The team behind one of Hull’s first purpose-built bases for children with autism is raising awareness of the condition among pupils and its workforce.
Sewell Construction is building the new £8.2 million Broadacre Primary School in Wawne Road, Kingfields Park, following a surge in demand for places.
The school will include a 10-place base for young children with Autistic Spectrum Condition (ASC), a developmental disorder which affects communication and behaviour.
The school and Sewell are keen to ensure everyone at Broadacre and on the new build site is aware of autism and every class has completed a mini project on the condition to learn more as World Autism Awareness Week gets underway from March 29th to April 4th.
They have also teamed up with aspiring local illustrator and children’s author Luke Garner, who has Asperger’s Syndrome, a form of autism.
Luke, 22, has been commissioned to brighten up the hoardings around the project and inspired Broadacre pupils to do the same with their own designs.
Lisa Staines, Executive Headteacher at Broadacre Primary School, said: “The children who will attend the ASC base will have a blended learning approach, working in both the base and the mainstream school. It is really important that they are part of our school community and that all of us have a good understanding of autism.
“Getting Luke and the children involved in brightening the hoardings and Sewell raising awareness of autism among its team is wonderful.
“The children had their first glimpse of their new school through the window in the hoardings last week and everyone is so excited to see it taking shape.”
Luke, who is supported by the Goodwin Development Trust, said sharing his designs on a project of this scale is a great opportunity for him.
He said: “I have Asperger’s Syndrome and I’m proud. I want to show people what I can do and it’s nice that others believe in me too. It’s an honour to be involved and be an ambassador for autism awareness.”
Sewell Construction Project Manager Martin Standley said he expects about 1,000 people, ranging from contractors to suppliers and beyond, will visit the site over the duration of the project, and the majority will complete an induction which will include a dedicated element on autism awareness to increase understanding of the condition.
Kerrie White, Diversity and Inclusion Lead at Goodwin Development Trust, the charity which supports Luke, has provided advice and information on ASC to the Sewell team, alongside Martin’s daughter Emma Standley, who is preparing to study a doctorate in child psychology.
Martin said: “We want our team to know that the project they’re working on in is more than just a building and much bigger than their individual daily jobs.
“They’re making a significant positive contribution which will ultimately improve children’s lives and make a real difference. Raising awareness of autism may even help them and their families if they have a child or know of someone who has the condition.
“We’re really proud to be able to do this and it’s a joy to be involved in something that’s more than a building project.”
The new school will increase capacity by 210 pupil places, creating a 630-place school, including a 52-place nursery, enhanced external spaces and teaching areas, and a fenced multi-use games area, following the rise and expansion of local housing.
Year six pupil Charlie Burgin, 11, said: “We’ve learnt that children with autism see things differently, they have different needs and we have to be patient. I’m looking forward to more children joining our school.”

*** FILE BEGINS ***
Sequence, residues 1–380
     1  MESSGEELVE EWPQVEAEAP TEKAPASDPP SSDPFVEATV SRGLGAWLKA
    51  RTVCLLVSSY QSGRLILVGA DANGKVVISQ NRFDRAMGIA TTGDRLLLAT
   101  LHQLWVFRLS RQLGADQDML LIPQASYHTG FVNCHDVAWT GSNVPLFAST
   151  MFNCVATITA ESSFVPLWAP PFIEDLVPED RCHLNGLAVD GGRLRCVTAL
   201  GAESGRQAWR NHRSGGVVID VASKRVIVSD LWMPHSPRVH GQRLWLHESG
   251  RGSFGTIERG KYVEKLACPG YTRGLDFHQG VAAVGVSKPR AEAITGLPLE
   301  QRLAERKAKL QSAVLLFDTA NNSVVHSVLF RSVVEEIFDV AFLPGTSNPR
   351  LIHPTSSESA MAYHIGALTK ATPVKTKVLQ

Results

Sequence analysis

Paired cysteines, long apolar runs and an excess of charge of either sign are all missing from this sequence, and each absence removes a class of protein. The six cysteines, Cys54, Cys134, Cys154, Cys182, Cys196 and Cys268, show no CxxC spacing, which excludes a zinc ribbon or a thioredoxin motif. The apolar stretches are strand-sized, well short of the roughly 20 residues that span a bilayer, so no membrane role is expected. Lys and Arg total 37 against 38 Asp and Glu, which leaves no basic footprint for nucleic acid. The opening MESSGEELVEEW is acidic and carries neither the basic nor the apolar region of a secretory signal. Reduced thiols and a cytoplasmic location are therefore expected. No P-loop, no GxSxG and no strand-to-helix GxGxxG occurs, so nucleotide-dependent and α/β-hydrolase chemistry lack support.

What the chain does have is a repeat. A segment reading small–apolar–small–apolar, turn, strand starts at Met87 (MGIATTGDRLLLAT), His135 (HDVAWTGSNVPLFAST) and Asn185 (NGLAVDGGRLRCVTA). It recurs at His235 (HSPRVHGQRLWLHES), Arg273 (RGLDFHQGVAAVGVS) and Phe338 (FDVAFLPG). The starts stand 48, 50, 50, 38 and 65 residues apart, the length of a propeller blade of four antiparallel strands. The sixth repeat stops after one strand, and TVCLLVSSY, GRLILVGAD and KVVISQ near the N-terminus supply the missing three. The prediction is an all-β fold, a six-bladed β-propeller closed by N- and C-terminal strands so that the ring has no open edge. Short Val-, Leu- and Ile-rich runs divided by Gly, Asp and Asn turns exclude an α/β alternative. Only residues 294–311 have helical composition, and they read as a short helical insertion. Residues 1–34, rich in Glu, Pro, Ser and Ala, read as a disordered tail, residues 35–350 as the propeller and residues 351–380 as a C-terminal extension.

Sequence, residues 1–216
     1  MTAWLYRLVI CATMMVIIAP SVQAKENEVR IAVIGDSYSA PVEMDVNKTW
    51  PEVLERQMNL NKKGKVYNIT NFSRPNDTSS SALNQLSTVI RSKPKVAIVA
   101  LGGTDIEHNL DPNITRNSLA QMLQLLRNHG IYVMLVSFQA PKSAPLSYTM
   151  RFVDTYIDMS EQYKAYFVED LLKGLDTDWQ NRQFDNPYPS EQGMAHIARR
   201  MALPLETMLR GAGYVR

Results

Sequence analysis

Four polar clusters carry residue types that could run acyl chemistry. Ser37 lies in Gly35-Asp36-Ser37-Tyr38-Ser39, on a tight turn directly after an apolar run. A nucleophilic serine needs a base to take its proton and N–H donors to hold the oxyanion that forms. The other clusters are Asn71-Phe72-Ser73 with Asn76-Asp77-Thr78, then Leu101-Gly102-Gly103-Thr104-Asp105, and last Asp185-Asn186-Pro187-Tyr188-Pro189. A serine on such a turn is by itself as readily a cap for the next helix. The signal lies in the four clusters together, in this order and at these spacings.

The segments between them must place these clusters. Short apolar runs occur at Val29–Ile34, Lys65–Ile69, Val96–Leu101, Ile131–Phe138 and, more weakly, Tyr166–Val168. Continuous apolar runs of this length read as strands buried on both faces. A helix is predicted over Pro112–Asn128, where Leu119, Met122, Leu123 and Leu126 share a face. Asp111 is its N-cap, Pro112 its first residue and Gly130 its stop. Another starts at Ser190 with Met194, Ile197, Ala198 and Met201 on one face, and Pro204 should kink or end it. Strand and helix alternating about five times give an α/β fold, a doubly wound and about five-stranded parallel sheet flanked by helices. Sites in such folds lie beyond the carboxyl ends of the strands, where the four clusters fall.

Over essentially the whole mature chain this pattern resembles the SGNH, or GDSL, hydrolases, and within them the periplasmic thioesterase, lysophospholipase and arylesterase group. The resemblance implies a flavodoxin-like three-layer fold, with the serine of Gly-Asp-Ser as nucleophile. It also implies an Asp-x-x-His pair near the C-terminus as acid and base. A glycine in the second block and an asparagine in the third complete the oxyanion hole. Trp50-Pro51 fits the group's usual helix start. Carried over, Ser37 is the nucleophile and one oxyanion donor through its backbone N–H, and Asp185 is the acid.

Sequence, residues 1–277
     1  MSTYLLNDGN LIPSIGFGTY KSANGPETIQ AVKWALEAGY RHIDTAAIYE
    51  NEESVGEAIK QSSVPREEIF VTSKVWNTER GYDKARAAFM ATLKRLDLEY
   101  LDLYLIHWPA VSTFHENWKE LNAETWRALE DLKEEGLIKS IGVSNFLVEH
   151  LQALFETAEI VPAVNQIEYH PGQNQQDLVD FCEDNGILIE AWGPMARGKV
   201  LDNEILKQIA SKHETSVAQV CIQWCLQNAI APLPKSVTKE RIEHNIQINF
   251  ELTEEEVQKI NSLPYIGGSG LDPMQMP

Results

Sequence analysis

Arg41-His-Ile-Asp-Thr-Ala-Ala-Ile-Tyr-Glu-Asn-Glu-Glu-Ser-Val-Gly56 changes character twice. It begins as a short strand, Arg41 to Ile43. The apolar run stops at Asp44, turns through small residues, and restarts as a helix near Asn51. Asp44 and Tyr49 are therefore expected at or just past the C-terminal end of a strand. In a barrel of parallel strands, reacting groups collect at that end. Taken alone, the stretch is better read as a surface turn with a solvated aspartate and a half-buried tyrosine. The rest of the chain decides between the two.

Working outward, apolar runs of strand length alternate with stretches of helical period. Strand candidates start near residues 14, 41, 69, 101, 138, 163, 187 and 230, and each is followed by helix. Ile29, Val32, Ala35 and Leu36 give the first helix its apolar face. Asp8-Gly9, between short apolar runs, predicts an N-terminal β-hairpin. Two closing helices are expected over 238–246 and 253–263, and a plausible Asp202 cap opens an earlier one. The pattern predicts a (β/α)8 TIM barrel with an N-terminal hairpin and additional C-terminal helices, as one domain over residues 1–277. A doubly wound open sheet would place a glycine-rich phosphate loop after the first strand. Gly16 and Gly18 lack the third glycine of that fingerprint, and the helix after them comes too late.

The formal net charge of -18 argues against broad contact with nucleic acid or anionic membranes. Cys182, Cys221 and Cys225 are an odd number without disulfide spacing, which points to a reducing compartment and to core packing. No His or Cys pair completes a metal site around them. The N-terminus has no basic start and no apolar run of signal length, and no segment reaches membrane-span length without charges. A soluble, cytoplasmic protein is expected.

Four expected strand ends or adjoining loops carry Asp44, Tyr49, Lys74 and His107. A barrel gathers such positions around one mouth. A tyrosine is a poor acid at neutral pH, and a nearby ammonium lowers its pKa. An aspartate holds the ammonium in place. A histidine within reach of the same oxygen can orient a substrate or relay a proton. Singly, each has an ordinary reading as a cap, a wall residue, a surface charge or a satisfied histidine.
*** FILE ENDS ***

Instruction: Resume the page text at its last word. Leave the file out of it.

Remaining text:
Fellow Year six pupil Ebony Caulfield Fryatt, 11, said: “People with autism have different sensory needs and we’ve written poems about autism. It’s really good that our new school will be able to fulfil everyone’s needs. We can see it being built from our playground.”
Work is progressing on the new school and the team removed thousands of tonnes of earth to make way for the foundations before erection of the steel structure began. Construction of the upper floors and the ground floor slab will follow in the coming weeks.
Broadacre Primary School is part of the Humber Education Trust and the new building will be open to staff and pupils in February 2022.
The existing school, located adjacent to the site of the new building, will then be demolished and new school playing fields will be open once the pitches are established.
Councillor Peter Clark, Portfolio Holder for learning, skills and safeguarding children at Hull City Council said: “This will be a fantastic learning environment for children with autism, and it’s just as fantastic that this project is involving all children at Broadacre Primary in the understanding of autism. Well done to everyone involved.”
The project is being delivered by Hull Esteem Consortium LEP Ltd, the council’s pre-procured framework which has led the delivery of £400 million of new and improved education facilities across the city, along with culture and leisure regeneration projects, including Hull New Theatre and Ferens Art Gallery.
Esteem General Manager, Gavin Barley, added: “This school is very much needed and it is going to be a fantastic education facility that the pupils, staff, Humber Education Trust and everyone involved can be proud of.
“We’re delighted to be working in partnership with Sewell Construction to deliver this project, and I’m pleased that we’re able to raise awareness about ASC amongst staff, pupils, contractors and the wider community whilst the new provision is being built.”
For more information about World Autism Awareness Week, visit: World Autism Awareness Week
Photo caption (L-R): Sophie Robertson, Hull City Council Major Projects Team, Kerrie White, Goodwin Development Trust, James Prest, Esteem, Luke Garner, Illustrator, Martin Standley, Sewell Construction, Ebony Caulfield Fryatt, Charlie Burgin, Gary Kemp, Sewell Construction, Tracey Kingdom, Esteem